14. Quantifying electrical impacts on redundant wire insertion in 7nm unidirectional designs

    NASA Astrophysics Data System (ADS)

    Mohyeldin, Ahmed; Schroeder, Uwe Paul; Srinivasan, Ramya; Narisetty, Haritez; Malik, Shobhit; Madhavan, Sriram

    2017-04-01

    In nano-meter scale Integrated Circuits, via fails due to random defects is a well-known yield detractor, and via redundancy insertion is a common method to help enhance semiconductors yield. For the case of Self Aligned Double Patterning (SADP), which might require unidirectional design layers as in the case of some advanced technology nodes, the conventional methods of inserting redundant vias don't work any longer. This is because adding redundant vias conventionally requires adding metal shapes in the non-preferred direction, which will violate the SADP design constraints in that case. Therefore, such metal layers fabricated using unidirectional SADP require an alternative method for providing the needed redundancy. This paper proposes a post-layout Design for Manufacturability (DFM) redundancy insertion method tailored for the design requirements introduced by unidirectional metal layers. The proposed method adds redundant wires in the preferred direction - after searching for nearby vacant routing tracks - in order to provide redundant paths for electrical signals. This method opportunistically adds robustness against failures due to silicon defects without impacting area or incurring new design rule violations. Implementation details of this redundancy insertion method will be explained in this paper. One known challenge with similar DFM layout fixing methods is the possible introduction of undesired electrical impact, causing other unintentional failures in design functionality. In this paper, a study is presented to quantify the electrical impacts of such redundancy insertion scheme and to examine if that electrical impact can be tolerated. The paper will show results to evaluate DFM insertion rates and corresponding electrical impact for a given design utilization and maximum inserted wire length. Parasitic extraction and static timing analysis results will be presented. A typical digital design implemented using GLOBALFOUNDRIES 7nm technology is used for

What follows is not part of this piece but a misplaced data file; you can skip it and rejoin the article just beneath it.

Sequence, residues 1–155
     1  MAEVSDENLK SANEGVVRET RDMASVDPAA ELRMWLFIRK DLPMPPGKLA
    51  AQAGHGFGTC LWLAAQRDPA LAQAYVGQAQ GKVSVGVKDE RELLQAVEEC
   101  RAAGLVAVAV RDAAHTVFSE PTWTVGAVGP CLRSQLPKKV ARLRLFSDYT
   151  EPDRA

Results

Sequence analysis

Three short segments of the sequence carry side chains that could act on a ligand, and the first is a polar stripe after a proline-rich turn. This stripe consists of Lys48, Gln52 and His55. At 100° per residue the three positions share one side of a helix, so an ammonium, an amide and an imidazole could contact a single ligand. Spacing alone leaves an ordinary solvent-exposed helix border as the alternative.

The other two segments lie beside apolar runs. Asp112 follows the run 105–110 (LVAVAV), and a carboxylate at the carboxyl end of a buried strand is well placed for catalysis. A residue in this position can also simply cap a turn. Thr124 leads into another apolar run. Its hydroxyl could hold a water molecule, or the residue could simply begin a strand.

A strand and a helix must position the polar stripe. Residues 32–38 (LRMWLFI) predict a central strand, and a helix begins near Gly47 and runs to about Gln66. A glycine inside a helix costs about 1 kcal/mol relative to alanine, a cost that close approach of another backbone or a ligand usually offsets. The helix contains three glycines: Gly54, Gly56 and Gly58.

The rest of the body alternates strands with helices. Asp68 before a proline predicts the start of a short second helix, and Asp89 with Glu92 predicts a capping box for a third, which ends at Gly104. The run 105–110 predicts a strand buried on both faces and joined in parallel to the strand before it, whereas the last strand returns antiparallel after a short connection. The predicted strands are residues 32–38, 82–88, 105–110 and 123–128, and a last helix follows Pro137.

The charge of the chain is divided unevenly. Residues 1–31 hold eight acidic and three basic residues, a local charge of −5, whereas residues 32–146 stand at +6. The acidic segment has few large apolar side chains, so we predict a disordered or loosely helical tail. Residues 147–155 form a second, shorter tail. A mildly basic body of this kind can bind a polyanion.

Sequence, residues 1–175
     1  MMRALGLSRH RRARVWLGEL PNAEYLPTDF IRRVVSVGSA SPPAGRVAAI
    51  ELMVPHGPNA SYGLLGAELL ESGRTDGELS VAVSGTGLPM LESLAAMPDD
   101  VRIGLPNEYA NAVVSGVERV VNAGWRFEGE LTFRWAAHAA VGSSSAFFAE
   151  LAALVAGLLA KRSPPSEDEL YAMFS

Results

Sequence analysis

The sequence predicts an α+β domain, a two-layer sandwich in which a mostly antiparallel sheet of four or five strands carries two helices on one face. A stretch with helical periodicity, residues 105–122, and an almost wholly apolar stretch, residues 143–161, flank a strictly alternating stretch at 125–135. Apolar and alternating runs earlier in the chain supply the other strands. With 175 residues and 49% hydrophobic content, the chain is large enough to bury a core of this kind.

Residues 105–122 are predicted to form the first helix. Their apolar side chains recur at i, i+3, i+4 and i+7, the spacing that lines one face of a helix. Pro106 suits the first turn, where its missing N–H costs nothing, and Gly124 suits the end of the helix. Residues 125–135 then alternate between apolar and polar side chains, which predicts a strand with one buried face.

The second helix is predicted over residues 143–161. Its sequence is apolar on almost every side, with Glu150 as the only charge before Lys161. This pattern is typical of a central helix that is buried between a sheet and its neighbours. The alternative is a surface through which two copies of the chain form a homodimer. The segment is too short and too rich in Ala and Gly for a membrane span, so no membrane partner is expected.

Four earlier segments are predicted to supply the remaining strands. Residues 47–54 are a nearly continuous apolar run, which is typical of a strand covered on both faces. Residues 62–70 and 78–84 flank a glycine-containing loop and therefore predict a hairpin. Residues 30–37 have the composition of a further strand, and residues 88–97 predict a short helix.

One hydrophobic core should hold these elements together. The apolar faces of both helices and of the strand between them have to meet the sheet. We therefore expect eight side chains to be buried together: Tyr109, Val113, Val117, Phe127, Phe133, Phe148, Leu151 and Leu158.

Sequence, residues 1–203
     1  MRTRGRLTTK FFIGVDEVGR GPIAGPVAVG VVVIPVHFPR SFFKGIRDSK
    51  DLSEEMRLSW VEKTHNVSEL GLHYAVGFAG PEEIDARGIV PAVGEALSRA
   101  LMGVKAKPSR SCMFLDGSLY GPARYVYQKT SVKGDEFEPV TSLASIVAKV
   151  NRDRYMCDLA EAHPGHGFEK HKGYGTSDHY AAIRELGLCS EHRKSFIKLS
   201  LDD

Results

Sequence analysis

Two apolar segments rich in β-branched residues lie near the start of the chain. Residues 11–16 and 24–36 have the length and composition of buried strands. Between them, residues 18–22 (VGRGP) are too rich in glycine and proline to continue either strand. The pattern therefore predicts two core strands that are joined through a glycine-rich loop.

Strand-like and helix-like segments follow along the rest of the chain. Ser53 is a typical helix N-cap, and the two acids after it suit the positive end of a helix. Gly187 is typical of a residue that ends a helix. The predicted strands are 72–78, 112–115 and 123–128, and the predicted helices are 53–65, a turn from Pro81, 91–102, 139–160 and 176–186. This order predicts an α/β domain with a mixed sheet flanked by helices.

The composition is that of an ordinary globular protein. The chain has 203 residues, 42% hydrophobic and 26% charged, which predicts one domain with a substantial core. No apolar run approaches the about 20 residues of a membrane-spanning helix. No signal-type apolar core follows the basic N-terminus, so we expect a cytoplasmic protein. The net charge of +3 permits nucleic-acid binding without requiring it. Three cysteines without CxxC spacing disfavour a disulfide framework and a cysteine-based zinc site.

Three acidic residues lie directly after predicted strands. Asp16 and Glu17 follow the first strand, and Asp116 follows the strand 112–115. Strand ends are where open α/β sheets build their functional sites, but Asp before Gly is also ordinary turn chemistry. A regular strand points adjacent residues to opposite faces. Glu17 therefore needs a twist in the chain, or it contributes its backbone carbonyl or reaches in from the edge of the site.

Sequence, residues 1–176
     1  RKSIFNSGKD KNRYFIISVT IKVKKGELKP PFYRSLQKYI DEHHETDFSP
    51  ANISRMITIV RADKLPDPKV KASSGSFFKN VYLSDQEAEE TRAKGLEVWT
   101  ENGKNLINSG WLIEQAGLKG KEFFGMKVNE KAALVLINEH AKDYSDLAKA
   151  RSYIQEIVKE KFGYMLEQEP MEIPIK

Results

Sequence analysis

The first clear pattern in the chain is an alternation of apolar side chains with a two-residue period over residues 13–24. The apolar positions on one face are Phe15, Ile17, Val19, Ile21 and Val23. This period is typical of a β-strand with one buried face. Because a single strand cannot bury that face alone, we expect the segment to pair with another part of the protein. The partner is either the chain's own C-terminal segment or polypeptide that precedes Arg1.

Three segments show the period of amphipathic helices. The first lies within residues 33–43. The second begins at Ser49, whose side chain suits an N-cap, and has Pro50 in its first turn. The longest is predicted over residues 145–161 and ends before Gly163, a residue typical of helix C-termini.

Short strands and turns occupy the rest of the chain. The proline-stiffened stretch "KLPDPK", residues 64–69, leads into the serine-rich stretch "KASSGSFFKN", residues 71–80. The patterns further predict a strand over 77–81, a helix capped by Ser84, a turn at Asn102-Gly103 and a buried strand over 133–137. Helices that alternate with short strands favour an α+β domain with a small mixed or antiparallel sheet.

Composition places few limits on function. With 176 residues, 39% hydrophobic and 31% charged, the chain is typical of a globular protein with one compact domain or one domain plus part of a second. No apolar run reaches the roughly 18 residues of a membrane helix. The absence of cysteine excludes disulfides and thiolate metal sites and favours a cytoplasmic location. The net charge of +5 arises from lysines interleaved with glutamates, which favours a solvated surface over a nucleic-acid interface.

15. 7 CFR 1728.97 - Incorporation by reference of electric standards and specifications.

    Code of Federal Regulations, 2014 CFR

    2014-01-01

    ... 7 Agriculture 11 2014-01-01 2014-01-01 false Incorporation by reference of electric standards and...) RURAL UTILITIES SERVICE, DEPARTMENT OF AGRICULTURE ELECTRIC STANDARDS AND SPECIFICATIONS FOR MATERIALS AND CONSTRUCTION § 1728.97 Incorporation by reference of electric standards and specifications. The...

  16. 7 CFR 1728.97 - Incorporation by reference of electric standards and specifications.

    Code of Federal Regulations, 2012 CFR

    2012-01-01

    ... 7 Agriculture 11 2012-01-01 2012-01-01 false Incorporation by reference of electric standards and...) RURAL UTILITIES SERVICE, DEPARTMENT OF AGRICULTURE ELECTRIC STANDARDS AND SPECIFICATIONS FOR MATERIALS AND CONSTRUCTION § 1728.97 Incorporation by reference of electric standards and specifications. The...